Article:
It’s the end of the month and money’s tight, but instead of going to your local payday loan shop, some banks are offering their version of high-interest payday loans
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Several major national banks have entered a lending arena that once had been monopolized by “payday loan” shops — small businesses that offer short-term advances on a customer’s next paycheck when funds run out.
The loans offer a quick but expensive fix, with annual percentage rates that often translate to more than 300 percent.
Regions Bank is the latest major bank to do so. This spring it joined Wells Fargo, Fifth Third and U.S. Bank in offering the loans. The banks distance their services from the term payday loans, which critics say prey on the poor. They go by names such as direct-deposit advance, checking-account advance, ready advance or early access.
But, like payday loans, they often have short pay-back periods and charge hefty fees. With these bank loans, borrowers who can’t pay their bills before the next paycheck or deposit typically borrow a few hundred and when the paycheck lands, the amount due and fees are automatically subtracted from their account.
High lending rates
Terms are very similar among the four banks. Three of the banks charge $10 for every $100 borrowed (Wells Fargo charges $7.50 per $100). And all four will allow only half of the customer’s paycheck or $500, whichever is less — to be advanced. The banks that report Annual Percentage Rates (APRs) list them at 120 percent. But that assumes money is lent for a 30-day cycle (10 percent times 12 months).
For a 10-day loan with 10 percent fee, the APR is really 365 percent, depending on how it is calculated, says Lauren Saunders, managing attorney of the National Consumer Law Center.
“A lot of people are paid twice a month. Even if you’re paid monthly, you’re probably not going to take out the loan the same day you’re paid — you’ll take it out at the end of the month when you’re running out of money.”
|Major bank ‘payday’ loan programs|
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Wolf in sheep’s clothing?
The banks don’t deny this is a last resort. They state on their websites that these are expensive loans and that if another less expensive resource is available to a consumer, he or she should use it. They say their loans differ from payday loans because they are less expensive, they offer a relationship-based service and have safeguards in place — such as limits on loan amounts and limits on consecutive months of indebtedness — to keep customers from getting in too deep.
“We think that they are very, very different” from payday loans, says Richele Messick, spokeswoman for Wells Fargo, which has been offering the loans since 1994. “At Wells Fargo, it is a line of credit that is only available to our customers who have an established consumer checking relationship and regular qualifying direct deposits. You can’t just walk in off the street. We don’t advertise it. It’s designed to help our customers get through an emergency situation.”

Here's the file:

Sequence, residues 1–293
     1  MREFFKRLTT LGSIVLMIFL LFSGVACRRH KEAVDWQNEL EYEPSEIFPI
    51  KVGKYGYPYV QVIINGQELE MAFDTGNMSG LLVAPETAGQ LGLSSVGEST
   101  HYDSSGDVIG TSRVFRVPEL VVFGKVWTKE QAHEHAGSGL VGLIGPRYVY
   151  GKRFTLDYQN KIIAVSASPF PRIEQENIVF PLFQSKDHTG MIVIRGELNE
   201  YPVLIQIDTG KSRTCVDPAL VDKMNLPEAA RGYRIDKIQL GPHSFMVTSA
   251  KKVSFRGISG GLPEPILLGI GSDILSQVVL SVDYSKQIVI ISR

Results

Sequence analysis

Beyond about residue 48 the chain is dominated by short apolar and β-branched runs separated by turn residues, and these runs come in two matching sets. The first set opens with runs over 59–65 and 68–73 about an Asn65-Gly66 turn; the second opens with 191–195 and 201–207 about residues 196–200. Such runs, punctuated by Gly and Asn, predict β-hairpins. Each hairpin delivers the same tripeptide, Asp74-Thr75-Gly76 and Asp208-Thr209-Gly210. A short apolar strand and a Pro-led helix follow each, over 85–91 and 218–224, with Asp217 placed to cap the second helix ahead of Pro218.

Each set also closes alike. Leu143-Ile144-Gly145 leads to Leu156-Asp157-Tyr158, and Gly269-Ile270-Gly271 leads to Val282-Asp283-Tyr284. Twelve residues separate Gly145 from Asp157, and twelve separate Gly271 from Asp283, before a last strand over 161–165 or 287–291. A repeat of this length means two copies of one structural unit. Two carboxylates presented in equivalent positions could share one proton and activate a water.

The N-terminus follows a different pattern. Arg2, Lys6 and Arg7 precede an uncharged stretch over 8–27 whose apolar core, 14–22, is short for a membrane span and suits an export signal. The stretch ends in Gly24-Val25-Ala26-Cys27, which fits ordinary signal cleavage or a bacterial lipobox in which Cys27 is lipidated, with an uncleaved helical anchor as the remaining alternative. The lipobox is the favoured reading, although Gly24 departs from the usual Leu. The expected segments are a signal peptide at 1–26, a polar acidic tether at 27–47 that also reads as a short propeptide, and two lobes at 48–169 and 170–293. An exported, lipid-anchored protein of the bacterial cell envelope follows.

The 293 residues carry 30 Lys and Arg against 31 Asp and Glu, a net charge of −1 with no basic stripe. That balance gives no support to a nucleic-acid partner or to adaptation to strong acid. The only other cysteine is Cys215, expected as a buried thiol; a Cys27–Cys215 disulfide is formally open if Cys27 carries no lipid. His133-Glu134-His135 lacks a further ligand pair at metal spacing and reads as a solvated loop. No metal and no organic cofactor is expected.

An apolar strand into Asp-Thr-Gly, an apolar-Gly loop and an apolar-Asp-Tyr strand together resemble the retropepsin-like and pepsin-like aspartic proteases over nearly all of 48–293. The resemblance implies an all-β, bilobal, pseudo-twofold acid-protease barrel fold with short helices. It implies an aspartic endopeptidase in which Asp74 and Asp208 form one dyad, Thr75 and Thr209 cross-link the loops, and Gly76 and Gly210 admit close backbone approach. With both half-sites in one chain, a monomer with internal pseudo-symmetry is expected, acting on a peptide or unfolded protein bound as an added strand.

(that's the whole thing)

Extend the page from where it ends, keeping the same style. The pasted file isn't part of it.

Consumer advocates say banks offer an unwarranted perception of legitimacy for these loans and trap desperate people on a treadmill of debt. They may also have some built-in dangers, Saunders says, in the form of late fees and having direct access to your bank account.
The Office of the Comptroller of the Currency, which regulates national banks, proposed guidelines this year for banks making such loans. But Saunders says, “That will just legitimize a terrible predatory loan by putting out guidance on how to do it.” She says banks should get out of the business altogether.
So what’s the alternative?
“Their best alternative is to live within their means, and not to use next month’s income for this month’s expenses,” Saunders says. But short of that there are better options, she says: “In terms of affordable small loans, credit cards are usually under 36 percent. And there are credit unions that have small loans available.”
That availability is expanding rapidly. Low-income credit unions have nearly tripled in assets and lending and doubled in members since 2003, according to the National Credit Union Association. Today, 343 federal credit unions report more than 33,000 small loans, averaging $412 each with interest rates just below 21 percent.
Some say banks are using the high-fee product to help make up for what they’re losing as financial reforms squeeze them in other areas.
Bank industry analyst Richard Bove of Rochdale Securities says there’s no doubt “payday loans” are lucrative for banks, but he also says they give consumers options.
“The government has hit the banks hard in areas where revenue was a large part of income,” Bove says. “Overdraft fees in particular may have been 90 percent of their non-interest income, so the net effect is banks need to get the money back. Payday loans is a beautiful way to do it.
“We know why banks do it, but is it bad for consumers? I don’t think it is,” he says.
Bove argues that if your choice is bouncing a check for rent or other necessities or having your utilities turned off, you may be better off with the short-term paycheck advance. With bounced-check fees from retailers and banks combined, “you may pay $105 for bouncing a $100 check,” he says. In that case, the charge for borrowing a few hundred for a few weeks from a bank would be much less.
“You have to weigh the alternative that the income-stressed consumer has when forced to make a payment for which he has no money,” Bove says.
Bove says Regions won’t be the last major bank to offer payday loans. “We’re going to see a wave of this,” he says. “Now the federal government will have to figure out what to do when payday loans become one of the hottest products in banking — which is what they’re going to become.”